DOMS is the acronym for Delayed-Onset Muscle Soreness. You’ve had it. It’s that stiff, tight, aching, tender, soreness—sometimes flat out pain—you feel a day or two after a workout.
Sometimes you knew it was coming. You did a really heavy workout, or a brand new workout, or worked out a body part that you hadn’t in a really long while, and you just knew you’d be feeling it. Other times, you had no idea that the workout you did would cause so much pain, in places you didn’t even realized you had used!
There is no outright way to prevent DOMS, because we are not quite sure what causes it. The old theory was that it was a build-up of lactic acid in the muscles, but now we know that lactic acid is reabsorbed into your body within about a minute of being released.
Theory 1: DOMS is due to microtrauma, or microtears, in the muscle fiber. The pain is essentially your body’s way of letting you know of these ‘injuries.’
Theory 2: DOMS is some sort of inflammatory response.
Personally, my theory is that it’s a combination of the two, perhaps inflammation due to microtrauma. I say this because sometimes DOMS feels just tight, and sometimes it is a wincing pain.
So you can’t quite prevent it. You only get better if you push yourself, and pushing yourself can cause some soreness (of course, a full muscle tear or even a strain is a clear sign you pushed too hard).
The main question is, once you are experiencing DOMS, what do you do?
I will preach it loud and repeatedly:::Stretch STRETCH stretch stretch STRETCH!!! immediately after any activity you do. Even once DOMS has set in, stretch the muscle. This helps re-align your muscle fibers, gets blood flowing into the area and can release stiffness.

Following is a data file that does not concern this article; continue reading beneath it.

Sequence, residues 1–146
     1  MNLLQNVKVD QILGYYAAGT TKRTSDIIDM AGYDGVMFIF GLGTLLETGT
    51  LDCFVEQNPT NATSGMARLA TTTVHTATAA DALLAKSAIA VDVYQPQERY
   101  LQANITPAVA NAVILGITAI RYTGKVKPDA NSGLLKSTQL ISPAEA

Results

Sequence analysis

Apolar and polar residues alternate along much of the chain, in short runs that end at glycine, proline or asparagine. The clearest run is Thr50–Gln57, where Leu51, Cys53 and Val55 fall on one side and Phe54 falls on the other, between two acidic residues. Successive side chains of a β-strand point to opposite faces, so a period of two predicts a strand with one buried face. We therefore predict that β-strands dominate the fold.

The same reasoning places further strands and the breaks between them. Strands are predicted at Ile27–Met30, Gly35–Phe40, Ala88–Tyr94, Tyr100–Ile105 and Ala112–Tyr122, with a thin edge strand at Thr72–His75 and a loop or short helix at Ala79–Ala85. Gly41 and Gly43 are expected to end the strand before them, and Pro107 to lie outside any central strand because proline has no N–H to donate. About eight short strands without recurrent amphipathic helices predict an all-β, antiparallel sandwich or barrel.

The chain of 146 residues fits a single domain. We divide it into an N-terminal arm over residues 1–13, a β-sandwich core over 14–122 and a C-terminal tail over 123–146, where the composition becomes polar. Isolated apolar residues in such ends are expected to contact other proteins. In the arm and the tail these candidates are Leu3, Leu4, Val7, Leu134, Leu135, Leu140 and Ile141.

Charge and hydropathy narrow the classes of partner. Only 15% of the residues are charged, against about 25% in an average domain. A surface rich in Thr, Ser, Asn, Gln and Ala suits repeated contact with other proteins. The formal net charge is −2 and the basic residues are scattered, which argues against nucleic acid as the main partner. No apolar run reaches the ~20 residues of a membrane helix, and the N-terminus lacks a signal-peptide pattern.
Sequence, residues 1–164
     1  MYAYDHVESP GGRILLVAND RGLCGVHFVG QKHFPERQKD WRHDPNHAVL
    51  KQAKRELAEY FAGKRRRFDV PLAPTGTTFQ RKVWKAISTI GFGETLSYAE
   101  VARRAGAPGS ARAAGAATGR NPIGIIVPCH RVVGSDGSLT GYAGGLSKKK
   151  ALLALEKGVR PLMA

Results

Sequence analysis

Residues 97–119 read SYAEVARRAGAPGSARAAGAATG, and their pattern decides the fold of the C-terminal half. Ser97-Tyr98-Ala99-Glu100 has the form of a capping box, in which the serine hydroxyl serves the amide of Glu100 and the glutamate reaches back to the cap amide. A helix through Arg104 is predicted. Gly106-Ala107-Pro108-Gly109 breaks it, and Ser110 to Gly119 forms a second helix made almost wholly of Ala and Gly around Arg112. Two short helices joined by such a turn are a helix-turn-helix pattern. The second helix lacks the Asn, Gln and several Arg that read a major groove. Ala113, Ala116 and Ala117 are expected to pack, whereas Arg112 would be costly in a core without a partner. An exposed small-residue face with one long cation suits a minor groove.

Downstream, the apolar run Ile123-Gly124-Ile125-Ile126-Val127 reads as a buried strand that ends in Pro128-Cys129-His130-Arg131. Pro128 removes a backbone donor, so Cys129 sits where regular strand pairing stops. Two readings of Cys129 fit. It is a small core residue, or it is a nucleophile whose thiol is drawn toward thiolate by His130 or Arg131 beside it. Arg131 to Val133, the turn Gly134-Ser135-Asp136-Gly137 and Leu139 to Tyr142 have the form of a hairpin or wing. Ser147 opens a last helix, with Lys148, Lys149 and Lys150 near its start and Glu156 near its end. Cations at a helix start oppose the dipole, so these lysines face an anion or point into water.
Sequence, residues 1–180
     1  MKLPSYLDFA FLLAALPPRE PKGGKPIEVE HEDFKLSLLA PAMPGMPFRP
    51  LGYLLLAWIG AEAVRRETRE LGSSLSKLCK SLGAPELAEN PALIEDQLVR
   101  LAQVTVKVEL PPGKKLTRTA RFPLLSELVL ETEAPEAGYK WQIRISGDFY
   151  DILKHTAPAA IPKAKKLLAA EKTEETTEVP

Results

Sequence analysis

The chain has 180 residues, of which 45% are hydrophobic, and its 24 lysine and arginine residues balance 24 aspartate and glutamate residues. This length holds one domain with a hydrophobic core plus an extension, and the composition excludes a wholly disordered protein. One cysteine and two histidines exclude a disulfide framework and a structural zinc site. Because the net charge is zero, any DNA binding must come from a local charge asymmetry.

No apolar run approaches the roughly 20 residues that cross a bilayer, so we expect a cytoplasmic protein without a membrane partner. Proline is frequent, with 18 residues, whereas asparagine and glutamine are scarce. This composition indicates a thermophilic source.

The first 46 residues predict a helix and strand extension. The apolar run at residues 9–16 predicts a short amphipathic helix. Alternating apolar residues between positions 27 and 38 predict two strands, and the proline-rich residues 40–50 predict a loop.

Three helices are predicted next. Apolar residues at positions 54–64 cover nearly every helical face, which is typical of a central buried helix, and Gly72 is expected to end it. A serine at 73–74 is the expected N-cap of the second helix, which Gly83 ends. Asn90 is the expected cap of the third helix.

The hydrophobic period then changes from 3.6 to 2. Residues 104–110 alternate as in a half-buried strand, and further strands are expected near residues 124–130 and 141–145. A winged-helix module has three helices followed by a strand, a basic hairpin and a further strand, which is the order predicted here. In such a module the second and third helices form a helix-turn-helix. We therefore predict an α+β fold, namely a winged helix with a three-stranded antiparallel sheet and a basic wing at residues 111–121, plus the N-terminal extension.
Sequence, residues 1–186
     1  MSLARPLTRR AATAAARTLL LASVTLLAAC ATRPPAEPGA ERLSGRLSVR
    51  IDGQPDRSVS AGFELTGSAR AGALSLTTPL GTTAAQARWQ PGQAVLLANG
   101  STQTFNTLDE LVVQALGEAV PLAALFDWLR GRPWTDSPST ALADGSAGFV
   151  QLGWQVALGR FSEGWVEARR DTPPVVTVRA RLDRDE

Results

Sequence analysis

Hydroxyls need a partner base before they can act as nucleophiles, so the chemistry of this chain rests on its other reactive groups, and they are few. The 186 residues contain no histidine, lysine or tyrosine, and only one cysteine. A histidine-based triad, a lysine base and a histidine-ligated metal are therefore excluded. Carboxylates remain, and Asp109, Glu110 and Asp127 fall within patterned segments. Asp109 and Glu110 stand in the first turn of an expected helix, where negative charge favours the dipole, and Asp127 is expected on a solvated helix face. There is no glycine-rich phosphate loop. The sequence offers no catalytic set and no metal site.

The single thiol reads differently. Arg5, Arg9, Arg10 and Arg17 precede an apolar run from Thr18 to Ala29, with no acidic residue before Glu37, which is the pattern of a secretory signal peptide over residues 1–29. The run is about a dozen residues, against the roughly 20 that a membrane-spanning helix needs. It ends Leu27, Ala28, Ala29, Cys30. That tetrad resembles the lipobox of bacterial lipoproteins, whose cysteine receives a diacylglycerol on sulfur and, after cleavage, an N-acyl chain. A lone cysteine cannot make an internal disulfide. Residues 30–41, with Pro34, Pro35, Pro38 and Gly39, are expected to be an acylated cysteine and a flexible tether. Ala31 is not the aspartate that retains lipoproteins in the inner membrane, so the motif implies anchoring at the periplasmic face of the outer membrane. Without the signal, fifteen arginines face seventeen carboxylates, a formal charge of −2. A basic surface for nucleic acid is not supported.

Now, ice is best for inflammation, but heat is best for stiffness. So try both. Ice your sore muscles to reduce any inflammation that might occur. Then take a bath with epsom salts. And then stretch again.
Light massage might help, too! It gets that blood flowing and if nothing else, can just help you relax and feel better.
Speaking of blood flowing, should you rest or try again? It depends on the severity of the pain, and of course what body part you are stiff in. Start with a light warm-up—walk, jog, body-weight reps. I believe any pain is your body’s warning sign, and DOMS is no different. I would avoid heavy workouts, or endurance workouts, for the sore body part. But don’t just sit around and wait for it to feel better. Get moving. Focus on the other half of your body (which, you should be doing anyways since you shouldn’t be working out the same body parts 2 days in a row).
What about sports-specific DOMS? If you’re a runner and you have DOMS in your quads, a soccer player with DOMS in your calves or a golfer with DOMS in your back…it can have a slight effect on your game. However, keep the above tips in mind. You can still get in your workout, just lighten up a bit. Use it as an excuse to cross-train! Cross-training’s always good for your body and can help you improve your game no matter what your sport.
DOMS can be more mentally defeating than physically. DO NOT use it as a reason to ditch your workout! Modify your plan. Get creative. And keep moving!